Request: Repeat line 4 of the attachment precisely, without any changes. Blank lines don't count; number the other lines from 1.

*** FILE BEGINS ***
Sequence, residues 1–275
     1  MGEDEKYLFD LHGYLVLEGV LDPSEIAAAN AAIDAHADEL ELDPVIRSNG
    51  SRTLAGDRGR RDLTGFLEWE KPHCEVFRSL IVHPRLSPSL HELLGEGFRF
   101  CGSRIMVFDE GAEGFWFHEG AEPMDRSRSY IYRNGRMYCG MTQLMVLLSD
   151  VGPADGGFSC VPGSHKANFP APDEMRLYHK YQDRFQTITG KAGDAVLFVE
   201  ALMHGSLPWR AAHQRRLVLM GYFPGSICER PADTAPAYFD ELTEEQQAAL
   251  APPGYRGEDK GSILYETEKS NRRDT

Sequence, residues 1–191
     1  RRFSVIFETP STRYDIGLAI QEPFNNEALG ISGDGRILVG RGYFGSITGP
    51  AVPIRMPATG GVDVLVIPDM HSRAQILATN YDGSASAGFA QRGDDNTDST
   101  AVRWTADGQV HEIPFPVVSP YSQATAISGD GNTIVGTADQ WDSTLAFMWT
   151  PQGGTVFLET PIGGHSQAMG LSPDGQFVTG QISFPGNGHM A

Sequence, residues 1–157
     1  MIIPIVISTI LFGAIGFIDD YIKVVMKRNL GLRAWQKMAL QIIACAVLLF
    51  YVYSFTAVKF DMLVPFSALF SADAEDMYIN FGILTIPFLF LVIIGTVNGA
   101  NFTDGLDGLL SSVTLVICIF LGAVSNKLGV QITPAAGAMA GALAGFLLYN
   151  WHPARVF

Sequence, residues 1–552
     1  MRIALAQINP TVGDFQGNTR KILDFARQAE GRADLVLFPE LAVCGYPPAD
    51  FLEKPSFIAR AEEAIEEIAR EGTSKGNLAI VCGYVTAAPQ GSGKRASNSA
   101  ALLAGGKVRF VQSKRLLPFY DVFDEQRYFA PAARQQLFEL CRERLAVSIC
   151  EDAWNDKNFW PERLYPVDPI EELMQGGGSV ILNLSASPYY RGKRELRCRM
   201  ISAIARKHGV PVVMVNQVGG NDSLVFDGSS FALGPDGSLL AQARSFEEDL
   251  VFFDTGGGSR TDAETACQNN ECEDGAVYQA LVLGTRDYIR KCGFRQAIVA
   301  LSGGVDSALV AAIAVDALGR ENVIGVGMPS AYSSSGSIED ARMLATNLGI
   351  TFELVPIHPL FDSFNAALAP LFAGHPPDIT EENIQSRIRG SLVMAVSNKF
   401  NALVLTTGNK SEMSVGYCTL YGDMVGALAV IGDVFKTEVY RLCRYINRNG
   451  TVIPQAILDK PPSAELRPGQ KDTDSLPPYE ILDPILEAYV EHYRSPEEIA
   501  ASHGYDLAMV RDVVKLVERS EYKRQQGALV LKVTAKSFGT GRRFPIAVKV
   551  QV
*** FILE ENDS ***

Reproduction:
   101  CGSRIMVFDE GAEGFWFHEG AEPMDRSRSY IYRNGRMYCG MTQLMVLLSD